=============
ENABLE - Enables a configuration, a database, or fast-start failover (FSFO).
DGMGRL> ENABLE CONFIGURATION;
DGMGRL> ENABLE CONFIGURATION;



DGMGRL> ENABLE DATABASE database_name;
DGMGRL> ENABLE DATABASE 'devdb';



DGMGRL> ENABLE FAST_START FAILOVER [CONDITION condition];
DGMGRL> ENABLE FAST_START FAILOVER;
DGMGRL> ENABLE FAST_START FAILOVER CONDITION '1578';
DGMGRL> ENABLE FAST_START FAILOVER CONDITION "Stuck Archiver";
DGMGRL> ENABLE FAST_START FAILOVER CONDITION 'Corrupted Controlfile';
DGMGRL> ENABLE FAST_START FAILOVER CONDITION 'Corrupted Dictionary';
DGMGRL> ENABLE FAST_START FAILOVER CONDITION 'Inaccessible Logfile';

=============
EXIT - Exits the program.
DGMGRL> EXIT;

=============
FAILOVER - Changes a standby database to be the primary database.
DGMGRL> FAILOVER TO standby_database_name [IMMEDIATE]
DGMGRL> FAILOVER TO "testdb";
DGMGRL> FAILOVER TO "snapdb" IMMEDIATE;

=============
HELP - Displays description and syntax for a command.
DGMGRL> HELP [command];
DGMGRL> HELP REINSTATE
DGMGRL> HELP EDIT

=============
QUIT - Exits the program.
DGMGRL> QUIT;

=============
REINSTATE - Changes a database marked for reinstatement into a viable standby.
DGMGRL> REINSTATE DATABASE database_name;
DGMGRL> REINSTATE DATABASE prim1;

=============
REM - Comment to be ignored by DGMGRL.
DGMGRL> REM [comment];

=============
REMOVE - Removes a configuration, Oracle database, or instance.
DGMGRL> REMOVE CONFIGURATION [PRESERVE DESTINATIONS];
DGMGRL> REMOVE CONFIGURATION;
DGMGRL> REMOVE CONFIGURATION PRESERVE DESTINATIONS;


DGMGRL> REMOVE DATABASE database_name [PRESERVE DESTINATIONS];
DGMGRL> REMOVE DATABASE devdb;
DGMGRL> REMOVE DATABASE standby PRESERVE DESTINATIONS;



DGMGRL> REMOVE INSTANCE instance_name [ON DATABASE database_name];
DGMGRL> REMOVE INSTANCE inst1 ON DATABASE racdb;

=============
SHOW - Displays information about a configuration, database, instance or FSFO.
DGMGRL> SHOW CONFIGURATION [VERBOSE];
DGMGRL> SHOW CONFIGURATION;
DGMGRL> SHOW CONFIGURATION VERBOSE;


DGMGRL> SHOW DATABASE [VERBOSE] db_name [property_name];
DGMGRL> SHOW DATABASE 'devdb';
DGMGRL> SHOW DATABASE VERBOSE 'test';
DGMGRL> SHOW DATABASE 'dwhdb' 'StatusReport';
DGMGRL> SHOW DATABASE 'proddb' 'LogXptStatus';
DGMGRL> SHOW DATABASE 'proddb' 'InconsistentProperties';
DGMGRL> SHOW DATABASE 'proddb' 'InconsistentLogXptProps';
DGMGRL> SHOW DATABASE 'testdb' 'ArchiveLagTarget';
DGMGRL> SHOW DATABASE 'testdb' 'LogShipping';
DGMGRL> SHOW DATABASE 'testdb' 'PreferredApplyInstance';
DGMGRL> SHOW DATABASE 'proddb' 'StatusReport';
DGMGRL> SHOW DATABASE 'testdb' 'RecvQEntries';
DGMGRL> SHOW DATABASE 'proddb' 'SendQEntries';


DGMGRL> SHOW INSTANCE [VERBOSE] instance_name [property_name] [ON DATABASE db_name];
DGMGRL> SHOW INSTANCE inst1;
DGMGRL> SHOW INSTANCE VERBOSE inst3;
DGMGRL> SHOW INSTANCE testdb 'TopWaitEvents';


DGMGRL> SHOW FAST_START FAILOVER;
DGMGRL> SHOW FAST_START FAILOVER;

From 18c Oracle Database, SHOW ALL command shows the values of DGMGRL command line utility properties.
DGMGRL> SHOW ALL;
   debug ON
   echo OFF
   time OFF
   observerconfigfile = observer.ora

=============
SHUTDOWN - Shuts down a currently running Oracle instance.
DGMGRL> SHUTDOWN [NORMAL
 | IMMEDIATE | ABORT];
DGMGRL> SHUTDOWN;
DGMGRL> SHUTDOWN NORMAL;
DGMGRL> SHUT IMMEDIATE;
DGMGRL> SHUT ABORT;

=============
SQL - Executes a SQL statement
DGMGRL> SQL "sql_statement";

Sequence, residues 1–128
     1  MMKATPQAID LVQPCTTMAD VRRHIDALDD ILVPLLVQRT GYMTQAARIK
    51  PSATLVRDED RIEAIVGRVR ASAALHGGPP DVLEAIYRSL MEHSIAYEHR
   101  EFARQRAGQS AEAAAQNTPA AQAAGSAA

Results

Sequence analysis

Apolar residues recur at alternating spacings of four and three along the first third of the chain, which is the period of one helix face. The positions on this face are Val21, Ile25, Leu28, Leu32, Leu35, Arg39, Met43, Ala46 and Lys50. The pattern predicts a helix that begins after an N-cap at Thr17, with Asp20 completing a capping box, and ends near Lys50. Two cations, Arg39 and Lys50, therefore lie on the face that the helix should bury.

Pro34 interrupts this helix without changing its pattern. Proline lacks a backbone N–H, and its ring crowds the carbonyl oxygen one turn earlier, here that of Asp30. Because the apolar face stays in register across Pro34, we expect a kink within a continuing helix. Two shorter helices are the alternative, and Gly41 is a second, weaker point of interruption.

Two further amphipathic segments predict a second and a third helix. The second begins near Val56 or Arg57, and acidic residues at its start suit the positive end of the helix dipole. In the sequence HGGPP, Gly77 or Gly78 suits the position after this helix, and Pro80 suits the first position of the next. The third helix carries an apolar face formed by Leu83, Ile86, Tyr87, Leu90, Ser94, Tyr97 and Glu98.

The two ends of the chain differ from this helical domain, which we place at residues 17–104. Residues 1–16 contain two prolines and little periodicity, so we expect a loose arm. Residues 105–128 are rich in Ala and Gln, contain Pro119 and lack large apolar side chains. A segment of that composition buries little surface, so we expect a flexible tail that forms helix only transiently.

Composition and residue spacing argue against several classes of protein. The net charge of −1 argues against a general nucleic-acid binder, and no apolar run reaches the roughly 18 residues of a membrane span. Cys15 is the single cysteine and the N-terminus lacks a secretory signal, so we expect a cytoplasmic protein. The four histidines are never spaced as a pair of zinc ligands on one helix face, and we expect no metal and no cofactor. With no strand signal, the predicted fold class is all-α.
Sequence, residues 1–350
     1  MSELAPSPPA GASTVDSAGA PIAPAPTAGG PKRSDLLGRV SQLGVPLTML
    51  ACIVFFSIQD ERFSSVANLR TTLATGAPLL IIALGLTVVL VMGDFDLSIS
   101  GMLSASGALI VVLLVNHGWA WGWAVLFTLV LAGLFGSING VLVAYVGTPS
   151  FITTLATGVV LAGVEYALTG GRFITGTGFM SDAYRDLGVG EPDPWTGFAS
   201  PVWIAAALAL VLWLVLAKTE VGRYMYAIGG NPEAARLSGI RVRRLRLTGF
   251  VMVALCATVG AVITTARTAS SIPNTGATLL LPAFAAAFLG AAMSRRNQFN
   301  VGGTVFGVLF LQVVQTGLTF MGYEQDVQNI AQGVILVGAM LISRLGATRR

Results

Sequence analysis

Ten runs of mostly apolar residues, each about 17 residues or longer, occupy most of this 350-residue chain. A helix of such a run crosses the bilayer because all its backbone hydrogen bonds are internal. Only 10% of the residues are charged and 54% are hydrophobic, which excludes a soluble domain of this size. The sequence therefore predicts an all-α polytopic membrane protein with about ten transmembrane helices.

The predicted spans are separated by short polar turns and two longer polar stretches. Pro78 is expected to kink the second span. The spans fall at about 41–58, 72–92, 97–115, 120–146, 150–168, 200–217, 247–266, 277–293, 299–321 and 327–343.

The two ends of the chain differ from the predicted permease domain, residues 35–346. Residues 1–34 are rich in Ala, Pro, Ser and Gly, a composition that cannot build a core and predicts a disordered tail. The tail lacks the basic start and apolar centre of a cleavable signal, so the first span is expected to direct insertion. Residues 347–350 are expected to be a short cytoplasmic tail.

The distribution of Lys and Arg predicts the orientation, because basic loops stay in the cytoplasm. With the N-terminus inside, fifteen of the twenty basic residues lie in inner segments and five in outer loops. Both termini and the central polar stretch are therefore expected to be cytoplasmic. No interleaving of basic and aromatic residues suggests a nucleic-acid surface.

=============
START - Starts the fast-start failover(FSFO) observer.
DGMGRL> START OBSERVER [FILE=observer_configuration_file];
DGMGRL> START OBSERVER;

=============
STARTUP - Starts an Oracle database instance.
DGMGRL> STARTUP [RESTRICT] [FORCE] [PFILE=filespec]
[NOMOUNT  |  MOUNT | OPEN
 [READ ONLY|READ WRITE]];
DGMGRL> STARTUP;
DGMGRL> STARTUP NOMOUNT;
DGMGRL> STARTUP MOUNT;
DGMGRL> STARTUP OPEN;

DGMGRL> STARTUP FORCE;
DGMGRL> STARTUP FORCE RESTRICT NOMOUNT;
DGMGRL> STARTUP PFILE=initdwh.ora NOMOUNT;

=============
STOP - Stops the fast-start failover(FSFO) observer.
DGMGRL> STOP OBSERVER;

=============
SWITCHOVER - Switches roles between a primary and standby database.
DGMGRL> SWITCHOVER TO standby_database_name;
DGMGRL> SWITCHOVER TO "standby";

=============
VALIDATE - command to checks whether the database is ready for a role transition or not.

DGMGRL> VALIDATE DATABASE 'DB_NAME';    -- From Oracle Database 12c


From Oracle Database 18c,
DGMGRL> VALIDATE DATABASE standby-database-name SPFILE;

DGMGRL> VALIDATE NETWORK CONFIGURATION FOR { ALL | member name };
DGMGRL> VALIDATE NETWORK CONFIGURATION FOR stdby;

DGMGRL> VALIDATE STATIC CONNECT IDENTIFIER FOR { ALL | database name };
DGMGRL> VALIDATE STATIC CONNECT IDENTIFIER FOR stdby;



$BDUMP/drc*.log
$ORACLE_HOME/rdbms/log/drc*.log

alter system set dg_broker_start=false;
alter system set dg_broker_start=false sid='*';
alter system set dg_broker_start=FALSE SCOPE=spfile SID='*';
alter system set dg_broker_start=true;
alter system set dg_broker_start=true sid='*';
alter system set dg_broker_start=TRUE SCOPE=spfile SID='*';

alter system set dg_broker_config_file1='/u01/dg_broker_config_files/dr1TESTP.dat' sid='*';
alter system set dg_broker_config_file2='/u01/dg_broker_config_files/dr2TESTP.dat' sid='*';

Extracting user details

set feedback off pages 0 long 900000 lines 20000 pagesize 20000 serveroutput on
accept USERNAME prompt “Enter username :”
–This line add a semicolon at the end of each statement
execute dbms_METADATA.SET_TRANSFORM_PARAM(DBMS_METADATA.SESSION_TRANSFORM,’SQLTERMINATOR’,true);
— This will generate the DDL for the user and add his objects,system and role grants
SELECT DBMS_METADATA.GET_DDL(‘USER’,username) as script from DBA_USERS where username=’&username’
UNION ALL
SELECT DBMS_METADATA.GET_GRANTED_DDL(‘SYSTEM_GRANT’,grantee)as script from DBA_SYS_PRIVS where grantee=’&username’ and rownum=1
UNION ALL
SELECT DBMS_METADATA.GET_GRANTED_DDL(‘ROLE_GRANT’,grantee)as script from DBA_ROLE_PRIVS where grantee=’&username’ and rownum=1
UNION ALL
SELECT DBMS_METADATA.GET_GRANTED_DDL(‘OBJECT_GRANT’,grantee)as script from DBA_TAB_PRIVS where grantee=’&username’ and rownum=1;

Primary and standby status

We can run following queries to check all are fine with Standby db.